I managed three books this week:
Marie Lu's Legend, which I quite enjoyed, once I stopped trying to look for Les Miserables parallels (she said she was inspired by imagining what Les Mis might look like today, but I think she was drawing on a superficial look at Javert and Val Jean's relationship). But enjoyed the main characters and I thought Lu did a nice job building the suspense and mystery.
Lindsey Leavitt, Sean Griswold's Head. Aside from the sort of grisly sounding title, this was actually a fun read. The main character, Payton Gritas, has recently discovered her father has MS, and her normally organized life goes into a tailspin. To help her, the school counselor suggests she picks a focus object, and Payton picks--Sean's head. As she studies his head (and him) she discovers all sorts of things she didn't know about the boy she's sat behind for years. While the MS angle adds some depth to the story, mostly I thought it was a light, quick read.
Laini Taylor, Daughter of Smoke and Bone. I had mixed feelings about this. Taylor's writing is gorgeous and I was often drawn in just by the prose. I loved the initial premise--Karou is an art student in Prague, who happens to have blue hair (it grows that way, after a childhood wish) and who was raised by chimaeras, part-beast, part human creatures, led by Brimstone who collects teeth of all sorts. Karou has a funky friend and a creepy ex-boyfriend and her life seems complicated enough between school and running errands all over the world to get teeth for Brimsone, not to mention the unexplained tatoos on her hands or her persistent sense of loneliness and not-wholeness. But then they discover a series of burnt handprints on doorways near all the portals Karou uses, and it's clear that the angels are back and have targeted the chimeras. From that point, the story gets more complicated. As I said, it was beautifully written and I enjoyed it on that level alone. Taylor also draws an intense romance. But I felt underwhelmed by the revelation about who Karou actually is.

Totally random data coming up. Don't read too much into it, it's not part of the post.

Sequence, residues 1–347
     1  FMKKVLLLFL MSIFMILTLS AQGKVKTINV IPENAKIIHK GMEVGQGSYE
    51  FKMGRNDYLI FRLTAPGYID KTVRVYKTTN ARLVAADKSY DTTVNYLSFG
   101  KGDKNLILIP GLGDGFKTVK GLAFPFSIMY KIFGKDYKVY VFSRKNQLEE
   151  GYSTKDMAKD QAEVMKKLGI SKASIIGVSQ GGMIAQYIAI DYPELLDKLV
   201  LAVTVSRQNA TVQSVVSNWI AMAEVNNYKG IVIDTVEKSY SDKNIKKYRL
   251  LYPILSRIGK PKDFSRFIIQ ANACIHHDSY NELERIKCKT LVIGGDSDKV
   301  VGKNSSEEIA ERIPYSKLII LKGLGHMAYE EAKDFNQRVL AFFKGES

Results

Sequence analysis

Now, I'm working on Orson Scott Card's Lost Gate--and we'll see what comes next!